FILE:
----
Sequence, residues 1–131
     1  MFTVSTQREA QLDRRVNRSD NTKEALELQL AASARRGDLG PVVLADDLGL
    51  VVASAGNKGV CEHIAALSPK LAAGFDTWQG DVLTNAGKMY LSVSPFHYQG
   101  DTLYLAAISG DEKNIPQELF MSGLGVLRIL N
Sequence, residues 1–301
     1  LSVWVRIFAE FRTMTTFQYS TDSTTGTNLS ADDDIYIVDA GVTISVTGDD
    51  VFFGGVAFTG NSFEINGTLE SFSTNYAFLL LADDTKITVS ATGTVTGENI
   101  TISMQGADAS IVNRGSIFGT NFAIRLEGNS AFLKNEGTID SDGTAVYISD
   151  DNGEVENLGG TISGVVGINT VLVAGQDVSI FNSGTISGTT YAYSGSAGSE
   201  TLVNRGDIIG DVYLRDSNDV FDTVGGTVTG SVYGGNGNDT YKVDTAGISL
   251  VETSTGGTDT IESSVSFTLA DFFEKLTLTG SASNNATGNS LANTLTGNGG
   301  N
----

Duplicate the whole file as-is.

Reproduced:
Sequence, residues 1–131
     1  MFTVSTQREA QLDRRVNRSD NTKEALELQL AASARRGDLG PVVLADDLGL
    51  VVASAGNKGV CEHIAALSPK LAAGFDTWQG DVLTNAGKMY LSVSPFHYQG
   101  DTLYLAAISG DEKNIPQELF MSGLGVLRIL N
Sequence, residues 1–301
     1  LSVWVRIFAE FRTMTTFQYS TDSTTGTNLS ADDDIYIVDA GVTISVTGDD
    51  VFFGGVAFTG NSFEINGTLE SFSTNYAFLL LADDTKITVS ATGTVTGENI
   101  TISMQGADAS IVNRGSIFGT NFAIRLEGNS AFLKNEGTID SDGTAVYISD
   151  DNGEVENLGG TISGVVGINT VLVAGQDVSI FNSGTISGTT YAYSGSAGSE
   201  TLVNRGDIIG DVYLRDSNDV FDTVGGTVTG SVYGGNGNDT YKVDTAGISL
   251  VETSTGGTDT IESSVSFTLA DFFEKLTLTG SASNNATGNS LANTLTGNGG
   301  N